Canby man follows musical dream to Muscle Shoals
To the average person, Muscle Shoals is a town of about 14,000 residents in northwestern Alabama, far from the pop culture centers of New York, Chicago and Los Angeles where music stars, past and present, cluster as densely as stars at the core of Omega Centauri.
To musicians, Muscle Shoals is a musical Mecca of sorts — the place where dozens of hits were recorded, like Aretha Franklin's "Respect," where the live, in-studio performances were captured of Wilson Pickett romping through "In the Midnight Hour" and "Hey Jude" that sent his career skyrocketing, and where a 19-year-old Duane Allman, later of the Allman Bros. Band, showed up and pitched a tent in the FAME Studios parking lot in an attempt to break into the music business (he ended up performing on the aforementioned Pickett tracks, as well as Franklin's "Respect").
FAME Studios still stands today, and musicians looking to break into the business continue to make pilgrimages to the famous recording studio with the hope that some of Muscle Shoals' magic will rub off.
For local country musician and singer Trent Beaver, 29, a Molalla High School graduate and Canby resident whose day job is working at Canby Rental and Equipment, the siren call of Muscle Shoals was great enough that he and his wife, McKenzie, and their one-year-old daughter, Lennon, packed up everything and moved there last summer so Beaver could record an album of original songs with the hope that the magic of FAME Studios would take his fledging music career and propel him to the next level.
Beaver returned to the northern Willamette Valley about four months ago with his newly-minted CD "Ghost" in tow, and his hopes riding high that promoting it nationally in select places would "lead to it catching fire." He's not had much luck yet, by his own estimation, but if the infectious smile that swallows his face when he talks about his third album is any indication, he's not discouraged, either.
"I wanted to go to a place where it's proven that people know what they're doing," Beaver said. "You can go to any studio in Nashville that has some credits on records that were big, but I wanted to go to a place that churned out one hit after another after another. Mostly, I wanted to learn what it really took in the industry to be somebody. When you put something on a pedestal in your life you think it's a dream, then you go there and you realize all these people you look up to are human, just like you, the only difference is they worked and made something of themselves. It's easy to forget they are just creative people who took a chance, worked hard and, no matter what was thrown their way, persevered and made something happen."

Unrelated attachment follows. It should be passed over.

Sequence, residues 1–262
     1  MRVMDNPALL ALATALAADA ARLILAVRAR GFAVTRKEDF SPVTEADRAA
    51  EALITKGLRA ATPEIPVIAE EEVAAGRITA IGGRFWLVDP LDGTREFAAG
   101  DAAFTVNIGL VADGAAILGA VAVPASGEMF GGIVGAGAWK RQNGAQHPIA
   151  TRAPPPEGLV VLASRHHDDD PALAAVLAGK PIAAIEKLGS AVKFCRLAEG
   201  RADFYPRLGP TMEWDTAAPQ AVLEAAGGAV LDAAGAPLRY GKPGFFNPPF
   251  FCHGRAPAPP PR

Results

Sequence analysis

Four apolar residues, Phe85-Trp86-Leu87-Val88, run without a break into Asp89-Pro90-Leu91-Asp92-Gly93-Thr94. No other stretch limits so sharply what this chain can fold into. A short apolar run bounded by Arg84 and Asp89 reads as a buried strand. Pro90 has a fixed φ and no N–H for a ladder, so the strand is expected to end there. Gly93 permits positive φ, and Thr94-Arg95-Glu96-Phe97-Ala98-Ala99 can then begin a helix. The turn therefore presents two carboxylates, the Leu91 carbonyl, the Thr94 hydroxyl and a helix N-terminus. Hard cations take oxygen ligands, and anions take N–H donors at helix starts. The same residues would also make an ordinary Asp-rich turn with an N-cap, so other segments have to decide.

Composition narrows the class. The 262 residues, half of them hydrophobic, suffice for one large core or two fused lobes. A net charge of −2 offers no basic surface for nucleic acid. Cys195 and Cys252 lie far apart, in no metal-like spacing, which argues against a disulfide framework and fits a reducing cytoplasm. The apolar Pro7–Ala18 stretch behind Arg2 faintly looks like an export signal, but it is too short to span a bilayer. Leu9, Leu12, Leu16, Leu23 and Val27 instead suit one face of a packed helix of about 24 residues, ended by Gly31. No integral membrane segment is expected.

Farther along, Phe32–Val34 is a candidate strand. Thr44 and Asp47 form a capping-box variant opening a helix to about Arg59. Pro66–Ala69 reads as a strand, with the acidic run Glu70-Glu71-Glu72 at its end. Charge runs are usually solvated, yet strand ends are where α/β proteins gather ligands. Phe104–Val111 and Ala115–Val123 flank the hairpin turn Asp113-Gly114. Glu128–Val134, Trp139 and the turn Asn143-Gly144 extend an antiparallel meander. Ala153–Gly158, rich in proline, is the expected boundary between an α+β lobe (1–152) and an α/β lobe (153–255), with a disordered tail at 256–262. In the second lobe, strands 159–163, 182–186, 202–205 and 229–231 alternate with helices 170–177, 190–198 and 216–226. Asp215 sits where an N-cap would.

A late start
Beaver was born in Oregon but his father, country singer Dan Beaver, a founder in the 1980s of Portland-based The Silver Dollar Band, moved his family to Nashville, Tenn.
when Beaver was about 5 years old following an invitation to work with Mickey Newbury, a Nashville Songwriters Hall of Fame inductee who wrote songs that helped Elvis Presley, Johnny Cash and Kenny Rogers score hits — among them Newbury penned the 1968 chart-topper "Just Dropped In (To See What Condition My Condition Was In)," which also is featured during the famous dream sequence from the cult-film classic "The Big Lebowski."
Beaver's parents eventually divorced and his mother, Roseann, moved him back to Molalla in the late 1990s, and even though he was exposed to music at such a young age Beaver never attempted to learn how to play guitar, let alone sing, until he was 18 years old.
"A friend of mine passed away in high school and he was always urging me to do something I hadn't done before," he said. "After his passing, I grabbed a guitar and found out I had a knack for it, started writing music and haven't looked back since."
Beaver said he tried taking music theory courses "a couple of times," and each attempt he would get a semester in before deciding the world of music in academia wasn't for him. He butted heads with his teachers, who tried to instill in him the idea that it's impossible to communicate with other musicians if you don't understand music theory and how to read music, or at least chord charts. But as Beaver says, plenty of famous musicians can't read music — Paul McCartney immediately comes to mind, as well as Jimi Hendrix, Eric Clapton and Danny Elfman to name but a few.